The recently published Programme for International Student Assessment (PISA) tests (where India ranked 71 out of 73 nations) sparked a raging controversy about the adequacy of the Indian education system. A lot of the dismay & rage was on the methods of the study. IMO, there are more fundamental issues we need to look at. Here are my musings on that report.
At the outset, let me say that I am not in the least bit surprised that India scored poorly on the PISA. Indian education is in an advanced stage of chronic illness. It will need very serious visionary thinking and political will to make a change. IMO even the well intentioned Right to Education Act is inadequate as I will discuss later. There are three broad issues affecting quality of education in India. They are
- Attendance and
I may discuss these separately but they are all interlinked.
A large number of school going children are not even able to access schools; note I am not saying good schools. There are many reasons for this
- Poor infrastructure – few schools especially in rural and remote tribal areas. Those that are there have poor classrooms, no compounds, no latrines and no drinking water facilities.
- Parents are not certain about the safety of the girl child travelling to school even if it is only 1/2 km away from home.
- Apparently simple issues like the need to cross a highway / stream on the way to school keeps kids away.
- There is a pyramidical structure as one goes from primary schools up to universities. The system is designed to squeeze out students at each stage (secondary, higher secondary, under graduation, post graduation etc) simply because there are not enough seats available. For some strange reason, education planners have always felt that primary education is enough. These are statistics from Ministry of Human Resource Development circa 2004.
- In the name of Right to Education, Government has opened satellite schools in remote areas. These schools are often run by ill trained ‘teachers’ who are paid a pittance. They are often single classroom, multi-grade affairs. The reasoning seems to be that it is alright to fob off those living in remote areas with substandard facilities so long as one can tick the box of having provided a school. These substandard schools lead to poorly educated kids which in turn leads to poverty and an illiteracy trap.
Even if the child does get enrolled in a school, there is no guarantee that (s)he will attend. There are number of factors that keep the child away
- teachers are held accountable for enrolment, seldom for attendance; they don’t see the need to push.
- the child needs to work, at home or in the family enterprise (farming, trading etc) or in another enterprise to bring in money to help feed the family.
- the pedagogy is so boring and the subjects so irrelevant that no self-respecting child will be lured to stay on.
- teachers are often uninterested in teaching. Their knowledge is limited. They are feared by the students and why would they not. In my wanderings around India over 15 years I have seldom seen a classroom where the teacher did not have a cane on the table. There were occasions when he did not have chalk but he always had a cane. I am speaking from the experience of having been in 100s of classrooms across 10 States in India.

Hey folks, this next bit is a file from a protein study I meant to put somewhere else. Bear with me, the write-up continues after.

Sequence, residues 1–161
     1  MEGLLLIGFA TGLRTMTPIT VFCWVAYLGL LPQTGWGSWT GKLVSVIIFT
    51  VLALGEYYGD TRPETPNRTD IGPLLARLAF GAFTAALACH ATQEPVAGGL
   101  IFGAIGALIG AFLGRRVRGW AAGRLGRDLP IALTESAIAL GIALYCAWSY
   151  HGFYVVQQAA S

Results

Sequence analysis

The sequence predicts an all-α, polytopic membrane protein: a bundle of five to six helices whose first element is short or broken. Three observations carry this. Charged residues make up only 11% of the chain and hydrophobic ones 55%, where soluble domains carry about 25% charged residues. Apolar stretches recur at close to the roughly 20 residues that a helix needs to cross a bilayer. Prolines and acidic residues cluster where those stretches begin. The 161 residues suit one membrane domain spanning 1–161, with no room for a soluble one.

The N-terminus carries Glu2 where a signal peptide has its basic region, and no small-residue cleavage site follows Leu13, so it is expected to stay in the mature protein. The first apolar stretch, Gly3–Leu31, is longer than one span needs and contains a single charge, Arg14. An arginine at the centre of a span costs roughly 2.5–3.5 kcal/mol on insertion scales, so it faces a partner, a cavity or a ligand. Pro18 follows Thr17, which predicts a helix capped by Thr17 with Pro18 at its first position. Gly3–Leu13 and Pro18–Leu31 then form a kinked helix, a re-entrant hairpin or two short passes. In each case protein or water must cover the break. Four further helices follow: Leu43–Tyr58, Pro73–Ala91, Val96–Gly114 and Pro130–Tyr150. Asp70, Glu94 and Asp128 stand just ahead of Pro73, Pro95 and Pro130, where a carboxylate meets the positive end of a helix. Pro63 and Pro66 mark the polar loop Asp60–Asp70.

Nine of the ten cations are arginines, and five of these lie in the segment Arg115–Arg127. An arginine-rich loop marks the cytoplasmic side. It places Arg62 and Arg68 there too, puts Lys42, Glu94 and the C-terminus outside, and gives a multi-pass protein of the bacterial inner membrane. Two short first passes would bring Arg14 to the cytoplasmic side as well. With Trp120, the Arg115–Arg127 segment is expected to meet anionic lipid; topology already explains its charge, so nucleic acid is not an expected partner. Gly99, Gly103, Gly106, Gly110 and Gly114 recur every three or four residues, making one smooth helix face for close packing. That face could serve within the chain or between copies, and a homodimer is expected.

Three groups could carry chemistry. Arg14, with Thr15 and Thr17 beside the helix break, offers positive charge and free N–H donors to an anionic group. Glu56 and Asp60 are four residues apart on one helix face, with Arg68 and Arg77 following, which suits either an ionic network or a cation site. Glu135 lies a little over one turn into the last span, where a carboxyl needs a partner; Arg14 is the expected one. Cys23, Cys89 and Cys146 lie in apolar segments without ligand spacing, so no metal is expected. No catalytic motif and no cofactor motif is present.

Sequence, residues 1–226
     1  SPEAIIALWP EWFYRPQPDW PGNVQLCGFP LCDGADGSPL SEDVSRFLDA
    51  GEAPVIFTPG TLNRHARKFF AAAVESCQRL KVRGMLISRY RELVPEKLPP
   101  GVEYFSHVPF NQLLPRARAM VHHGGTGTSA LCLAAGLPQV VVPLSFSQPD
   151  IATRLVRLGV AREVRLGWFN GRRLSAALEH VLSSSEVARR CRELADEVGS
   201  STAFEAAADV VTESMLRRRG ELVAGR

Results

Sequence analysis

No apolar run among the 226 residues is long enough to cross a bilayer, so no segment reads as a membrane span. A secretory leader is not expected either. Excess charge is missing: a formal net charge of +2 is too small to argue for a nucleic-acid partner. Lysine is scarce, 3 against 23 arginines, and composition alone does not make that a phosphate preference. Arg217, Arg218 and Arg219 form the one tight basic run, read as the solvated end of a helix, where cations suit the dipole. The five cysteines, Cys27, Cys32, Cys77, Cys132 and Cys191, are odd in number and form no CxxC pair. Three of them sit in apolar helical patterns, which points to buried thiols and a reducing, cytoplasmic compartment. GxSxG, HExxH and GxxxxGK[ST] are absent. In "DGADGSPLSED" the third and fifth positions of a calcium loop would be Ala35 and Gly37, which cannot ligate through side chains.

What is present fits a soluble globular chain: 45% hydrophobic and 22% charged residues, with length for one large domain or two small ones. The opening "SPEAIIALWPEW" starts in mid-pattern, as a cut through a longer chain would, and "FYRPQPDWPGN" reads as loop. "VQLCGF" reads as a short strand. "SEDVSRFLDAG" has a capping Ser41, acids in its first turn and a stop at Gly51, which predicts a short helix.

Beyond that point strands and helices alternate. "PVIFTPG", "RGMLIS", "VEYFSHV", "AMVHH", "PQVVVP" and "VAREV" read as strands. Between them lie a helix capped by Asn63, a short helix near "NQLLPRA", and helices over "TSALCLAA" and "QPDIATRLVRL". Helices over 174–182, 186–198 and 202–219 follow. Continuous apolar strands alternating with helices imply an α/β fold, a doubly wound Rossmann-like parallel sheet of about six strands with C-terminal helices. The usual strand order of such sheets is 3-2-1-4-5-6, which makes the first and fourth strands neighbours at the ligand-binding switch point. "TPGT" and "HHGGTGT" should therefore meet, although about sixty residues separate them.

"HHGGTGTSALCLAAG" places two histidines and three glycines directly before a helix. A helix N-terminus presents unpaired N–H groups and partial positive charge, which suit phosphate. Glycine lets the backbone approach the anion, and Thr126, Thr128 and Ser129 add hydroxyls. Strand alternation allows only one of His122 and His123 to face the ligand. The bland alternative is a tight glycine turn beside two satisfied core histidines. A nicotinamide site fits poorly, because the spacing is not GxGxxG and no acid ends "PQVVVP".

- teacher truancy – if the teacher skips classes with impunity all the time, why would the kid want to go?
This is the most serious. The Indian education system was designed by the British rulers to create clerks to help the few thousand British administrators run a country of 40 million people. It was not designed to promote thought and encourage a culture of curiosity. As a result in most Indian schools, at least in the Public schools system, the kids do not really attain knowledge and skills commensurate with their age. There are reasons that contribute to this
- The pedagogy is boring and depends so much on being learning by rote.
- The evaluations, if they happen, are focussed on a child being able to vomit out what (s)he has learnt by heart. Study of history is reduced to dates and study of language to reciting poems.
- Most of the kids coming in from poorly educated households do not have the atmosphere at home to aid learning. There are no books. Parents are not capable of evaluating whether the kid is learning anything.
- The curriculum is designed to leave the kid with no skills or perspectives to be able to build a working life. This is not only at the schooling level. Think about someone with a Bachelors degree; how often does this person manage to leverage what (s)he has learnt into a career? Even fresh engineers need to be retrained by their employers to make them ‘useful’.
It is a grim picture. That some Indians do well is in spite of the system and not because of it.
There is hope though.
- In the last decade or so private schools have been mushrooming all over India. They are filling up the gaps – in access and quality that are left by government schools. This is not to say that all private schools deliver on quality, but the saving grace is that they are at least a bit more accountable to parents as compared to the public schools. They do end up excluding the poor because of the costs which means the poor kids still have to depend on the government run system. An interesting sidelight is that most of these schools offer instruction in English; a testament to aspirations .
- We have begun to recognise that the education system is not delivering. reports like this one and PROBE (Public Report on Basic Education in India) are bringing matters to the fore.
- Educators are experimenting with new methods of teaching learning.
- Some day some one with the power to do something will wake up.
Unless policy makers and Indians are serious about education, we are going to end up with million of either uneducated or ‘educated’ yet unemployable youth – a grand recipe for social unrest.